I'm thankful for Dirk because he didn't give me an easy out.  He never has given me one.  I suspect that's why he's a good coach and is a great athlete himself.  He was positive in the fact that he encouraged me not to be too hard on myself - it was a week/block that I probably couldn't have even attempted last year - but he was also resolute in that I MUST continue to develop a certain mental resistance to fatigue that will allow success in a race as tough as Ironman.  His quote: "you hired me to make you fast at Ironman" to which I wanted to scream "WHY, WHY, WHY DID I DO SUCH A THING?????!!!"  :)

And so now I'm chomping at the bit to get another shot at polishing off a big block from start to finish.  But unfortunately I have to rest, recover and let my body soak in the hard work first.  I'm inpatient!  But luckily I won't have to wait too long - soon I leave for SC where I'll be devoting the majority of 3 weeks to training and training alone.  Here's to no meltdowns (and outdoor riding where I don't have the option of quitting... :).  GIDDY UP!


  1. Oh my gosh! I have had so many meltdowns, I can't even list them all ! If we are not pushing the limits - our own expectations - then we will never have meltdowns...but I have them and ironically usually on the BIKE TOO! I have thrown my bike MANY TIMES outside....and, while I have never done a 19 mile run + 4 hour trainer ride....I have done some crazy crap and it is such a hard thing to figure out what to do!!! NO worries....sounds like a great block! Enjoy SC for some great training and SUN!!!!!!!! And riding outside (What a concept!).

  2. Good to know you are human! You learn from each meltdown and I've no doubt that you are stronger as a result of Sunday and something inside you won't let it happen again.

  3. I really like the QUITTING IS NOT AN OPTION mentality you and your coach are working on. Clearly, it sometimes just doesn't happen, but you have to make it through all the hard training to make it through the hard races. Have fun in SC!

  4. 19 mile run AND 4 hour trainer ride in the same day!? I am exhausted just thinking about it. Days like that will make you stronger physically AND mentally for sure!!

    I've obviously never attempted anything like that, but I can commiserate on meltdowns, and I hate, hate, hate those seconds/minutes of self-doubt and deciding whether to keep going or bail.

    Have you read Iron War? I'm about 1/2 way through right now and I think it has some good insight/info about how huge the mental component of training/racing is.

    Also, if it makes you feel any better and/or provides comic relief... at least this meltdown was in the comfort of your own home, and did not involve sobbing uncontrollably halfway through a century in the middle of rural West Virginia, in the company of the Dirty Dozen founder, a teammate & 3 guys you'd never met before, because you kept getting dropped from the group. That was my Dec. meltdown :)

  5. That sounds like an awful day. Maybe just the inside biking part. I am sure you would have been fine outside.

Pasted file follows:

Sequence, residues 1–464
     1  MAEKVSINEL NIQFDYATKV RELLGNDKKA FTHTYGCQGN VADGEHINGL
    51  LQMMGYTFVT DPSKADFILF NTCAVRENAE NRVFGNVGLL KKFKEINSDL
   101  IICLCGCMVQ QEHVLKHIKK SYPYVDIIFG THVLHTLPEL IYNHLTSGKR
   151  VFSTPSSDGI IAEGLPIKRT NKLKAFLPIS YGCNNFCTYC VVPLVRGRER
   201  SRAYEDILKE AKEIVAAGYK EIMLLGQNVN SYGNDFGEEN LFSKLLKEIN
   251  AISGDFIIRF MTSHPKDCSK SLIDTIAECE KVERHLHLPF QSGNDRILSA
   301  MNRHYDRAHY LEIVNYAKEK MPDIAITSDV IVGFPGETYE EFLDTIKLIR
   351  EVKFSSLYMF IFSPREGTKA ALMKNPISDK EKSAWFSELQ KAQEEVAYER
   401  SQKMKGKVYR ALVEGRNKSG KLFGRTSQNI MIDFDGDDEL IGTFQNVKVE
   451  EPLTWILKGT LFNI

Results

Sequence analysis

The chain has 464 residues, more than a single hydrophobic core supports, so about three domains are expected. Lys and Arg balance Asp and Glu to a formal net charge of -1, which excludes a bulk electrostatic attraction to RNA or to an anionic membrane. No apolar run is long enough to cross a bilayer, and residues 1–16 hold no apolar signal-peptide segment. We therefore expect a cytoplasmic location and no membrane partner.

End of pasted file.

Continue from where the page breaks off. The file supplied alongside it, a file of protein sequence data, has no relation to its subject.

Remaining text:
I sometimes think you people are a bit crazy, but realize just different. If it pays off on race day than worth it!! :)

    Good luck on your next hard block!! :)

  6. Good job on doing your best and hopefully Dirk keeps pushing the envelope of your best to expand further and further!

  7. You are such a strong/hard worker. And totally believe you did the right thing. Your body needed REST, which is just as important as following the workout plan. You are a super strong girl!


  8. Great post Beth, been there done that, own a couple t-shirts. It's why we keep coming back for more.

  9. I think I had a meltdown of my own just thinking about a 19 mile run and a four hour ride on the trainer. :)

  10. Not that I'm a super amazing athlete like you are, but it always makes me feel better to think, well, yes I had a meltdown, but now it's over and it didn't happen in a race. Phew!

    You're an amazing athlete Beth!

  11. I think this is my favorite post ever. I totally feel every second of what you went through! (except in my case, with far less training stress than the week you just put up- kudos!!)
    I think one of dirks big tricks is making us mentally tough so whatever pain you encounter in a race is NOTHING compared to what you had to endure on x training day (in this case, this past sunday). I have a feeling this will be the first of many challenges to come as you further test your limits, so remember why you are doing this and hold that close to your heart so when it comes time to suck it up, you can try to fall back on that!!! easier said that done- I think I would have sat on the couch, eaten the payday and stared at the bike all set up on the trainer without ever finding the courage to get on and even start the wko :)

  12. love, love the voices in your head. we have all felt the same way, I imagine. These are such great days, though, because you learn and you care and you will push harder next time. (although I am not sure how you could push are killing it!!!!!!) xoxo thanks for being real!